Raytheon also has supplied Coyotes to NOAA, which has launched them into hurricanes to gather weather data.

Coyotes generally come in packs, not swarms.

But Raytheon is advancing its small Coyote unmanned aircraft for a Navy program that envisions “swarms” of smart drones that can perform intelligence and reconnaissance missions, and someday perhaps deliver weapons.

This week, the Pentagon announced that Tucson-based Raytheon Missile Systems won a $29.7 million contract to build prototype aerial drones for the Navy’s Low Cost UAV Swarming Technology (LOCUST) program.

The LOCUST program aims to develop swarms of low-cost, unmanned aerial vehicles that can be launched in swarms and fly in formation to gather intelligence or collectively attack a target.

Work under the Office of Naval Research contract will be performed in Tucson, for completion by January 2020, according to a Defense Department contract notice.

The contract Raytheon was awarded was competitively bid under a long-range “broad agency announcement” the Navy and Marine Corps, and proposals will be received throughout the year, the Pentagon said.

Raytheon already has demonstrated mass launches and coordinated flights of its expendable Coyote UAVs, which are 3 feet long and weigh about 13 pounds. They reportedly cost about $15,000 each, a fraction of the cost of current reusable drones.

In 2016, Raytheon and the Office of Naval Research used a battery of tube launchers to fire off a swarm of 30 Coyotes that flew in formation and demonstrated autonomous flight.

Raytheon also has supplied Coyotes to the National Oceanic and Atmospheric Administration, which has launched them into hurricanes to gather and transmit weather data.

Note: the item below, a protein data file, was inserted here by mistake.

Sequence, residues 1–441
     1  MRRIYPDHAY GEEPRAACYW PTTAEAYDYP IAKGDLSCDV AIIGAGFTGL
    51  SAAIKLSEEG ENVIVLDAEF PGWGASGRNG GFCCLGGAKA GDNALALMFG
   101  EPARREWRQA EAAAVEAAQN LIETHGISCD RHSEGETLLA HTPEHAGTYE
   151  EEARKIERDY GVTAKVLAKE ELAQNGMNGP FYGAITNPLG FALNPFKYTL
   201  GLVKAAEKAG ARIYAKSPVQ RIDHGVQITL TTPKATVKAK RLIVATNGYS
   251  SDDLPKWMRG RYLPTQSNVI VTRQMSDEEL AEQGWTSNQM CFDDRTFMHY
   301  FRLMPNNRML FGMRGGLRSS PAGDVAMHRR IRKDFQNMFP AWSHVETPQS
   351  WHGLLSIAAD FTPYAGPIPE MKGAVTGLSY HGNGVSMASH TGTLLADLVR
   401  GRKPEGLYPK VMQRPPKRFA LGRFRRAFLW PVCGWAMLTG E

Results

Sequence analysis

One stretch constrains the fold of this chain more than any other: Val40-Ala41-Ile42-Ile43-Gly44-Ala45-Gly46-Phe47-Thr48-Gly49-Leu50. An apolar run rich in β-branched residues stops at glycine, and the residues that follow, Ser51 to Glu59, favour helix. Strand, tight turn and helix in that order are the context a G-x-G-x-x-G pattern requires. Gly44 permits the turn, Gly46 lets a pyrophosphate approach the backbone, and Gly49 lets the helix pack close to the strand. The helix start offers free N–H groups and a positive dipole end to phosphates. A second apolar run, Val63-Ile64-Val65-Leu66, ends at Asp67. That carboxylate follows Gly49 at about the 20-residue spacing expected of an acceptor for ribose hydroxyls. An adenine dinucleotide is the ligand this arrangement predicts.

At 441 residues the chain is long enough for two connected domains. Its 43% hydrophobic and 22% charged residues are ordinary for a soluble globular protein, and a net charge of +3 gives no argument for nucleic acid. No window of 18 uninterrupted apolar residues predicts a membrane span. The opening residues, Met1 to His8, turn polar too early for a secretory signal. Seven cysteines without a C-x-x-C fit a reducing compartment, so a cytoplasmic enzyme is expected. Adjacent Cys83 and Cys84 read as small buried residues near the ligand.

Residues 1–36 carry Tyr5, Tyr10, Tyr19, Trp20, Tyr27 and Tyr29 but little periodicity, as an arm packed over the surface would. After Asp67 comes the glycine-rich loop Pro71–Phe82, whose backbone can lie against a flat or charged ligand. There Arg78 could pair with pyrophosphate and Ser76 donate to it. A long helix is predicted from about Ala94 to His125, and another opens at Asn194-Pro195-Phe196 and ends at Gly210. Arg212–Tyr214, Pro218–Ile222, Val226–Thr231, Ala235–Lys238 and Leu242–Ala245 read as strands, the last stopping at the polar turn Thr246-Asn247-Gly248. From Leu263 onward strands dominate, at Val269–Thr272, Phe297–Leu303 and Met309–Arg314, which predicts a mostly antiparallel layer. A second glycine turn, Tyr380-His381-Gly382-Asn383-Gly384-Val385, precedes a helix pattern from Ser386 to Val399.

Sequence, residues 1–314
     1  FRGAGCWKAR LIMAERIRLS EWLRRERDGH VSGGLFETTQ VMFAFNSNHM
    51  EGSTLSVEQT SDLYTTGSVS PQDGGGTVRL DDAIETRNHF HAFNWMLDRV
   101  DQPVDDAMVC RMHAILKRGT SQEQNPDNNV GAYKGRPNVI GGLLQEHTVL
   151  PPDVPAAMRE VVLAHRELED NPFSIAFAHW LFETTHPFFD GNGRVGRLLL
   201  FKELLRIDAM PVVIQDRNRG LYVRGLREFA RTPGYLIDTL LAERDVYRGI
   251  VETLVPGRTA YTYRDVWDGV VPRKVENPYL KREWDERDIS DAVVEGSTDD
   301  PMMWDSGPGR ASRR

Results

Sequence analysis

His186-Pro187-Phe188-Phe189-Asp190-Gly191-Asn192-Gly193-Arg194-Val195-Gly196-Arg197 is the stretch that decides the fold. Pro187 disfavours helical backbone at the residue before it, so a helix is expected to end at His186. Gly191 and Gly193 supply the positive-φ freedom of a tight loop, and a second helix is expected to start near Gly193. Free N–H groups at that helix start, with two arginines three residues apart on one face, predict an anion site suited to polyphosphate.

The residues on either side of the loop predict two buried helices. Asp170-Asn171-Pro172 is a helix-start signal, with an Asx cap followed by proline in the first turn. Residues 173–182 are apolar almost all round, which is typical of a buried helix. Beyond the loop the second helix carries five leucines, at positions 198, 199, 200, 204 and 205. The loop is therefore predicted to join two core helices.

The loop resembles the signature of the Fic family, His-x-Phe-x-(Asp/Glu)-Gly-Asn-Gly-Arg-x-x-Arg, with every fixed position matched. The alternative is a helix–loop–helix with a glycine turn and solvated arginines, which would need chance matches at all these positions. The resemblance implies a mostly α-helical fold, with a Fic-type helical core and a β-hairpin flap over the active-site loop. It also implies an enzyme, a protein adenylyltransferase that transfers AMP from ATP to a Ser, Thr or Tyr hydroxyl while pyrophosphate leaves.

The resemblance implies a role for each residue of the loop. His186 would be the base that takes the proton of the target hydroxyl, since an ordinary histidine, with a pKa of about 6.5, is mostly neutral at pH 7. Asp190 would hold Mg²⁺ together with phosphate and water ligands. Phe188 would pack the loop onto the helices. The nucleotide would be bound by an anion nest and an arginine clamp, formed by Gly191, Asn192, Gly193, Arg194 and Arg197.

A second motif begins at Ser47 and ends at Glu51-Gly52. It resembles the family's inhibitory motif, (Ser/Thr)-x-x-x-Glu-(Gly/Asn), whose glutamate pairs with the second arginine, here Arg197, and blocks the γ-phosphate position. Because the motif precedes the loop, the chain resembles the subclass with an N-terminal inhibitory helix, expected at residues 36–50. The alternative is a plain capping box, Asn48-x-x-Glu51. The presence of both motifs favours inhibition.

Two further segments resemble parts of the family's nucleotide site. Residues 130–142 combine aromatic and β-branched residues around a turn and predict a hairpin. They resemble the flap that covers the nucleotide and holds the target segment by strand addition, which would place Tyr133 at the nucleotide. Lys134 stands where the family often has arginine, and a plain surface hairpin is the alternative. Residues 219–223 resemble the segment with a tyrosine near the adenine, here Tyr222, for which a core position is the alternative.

The Coyote has a strong Tucson pedigree.

The drone was originally developed along with others by Advanced Ceramics Research Inc., which was founded by University of Arizona engineering grad Tony Mulligan. The company worked with the Office of Naval Research on a project to develop autonomous, intelligent UAVs in the early 2000s.

Advanced Ceramics Research was acquired by defense giant BAE Systems in 2009, which then sold it back to one of the former owners in 2013 under the name Sensintel.

Raytheon acquired Sensintel in 2015 and folded the company into its Missile Systems business in Tucson.

The company also has developed a field-portable, long-range reconnaissance drone called the Silver Fox that has been used by the Marine Corps and the Air Force.

Separately, Raytheon BBN in Cambridge, Massachusetts, is working with the Defense Advanced Research Projects Agency to develop technology to direct and control swarms of small, autonomous air and ground vehicles.

Tech expo set

The Arizona Technology Council and the Arizona Commerce Authority will present the Sixth Annual Southern Arizona Tech + Business Expo on Wednesday, Oct. 24, at the Tucson Convention Center

Registration is open via the council’s website, www.aztechcouncil.org, and sponsorships are available for the event, which will run from 1 to 6 p.m. and is expected to include about 40 exhibitors and some 400 attendees.

Get your tickets early. Earlybird registration is $25 for Tech Council members or $35 for non-members through Sept. 19, but after that it will cost $20 more.

Contact senior reporter David Wichner at dwichner@tucson.com or 573-4181. On Twitter: @dwichner. On Facebook: Facebook.com/DailyStarBiz.

Senior reporter covering business and technology for the Arizona Daily Star/Tucson.com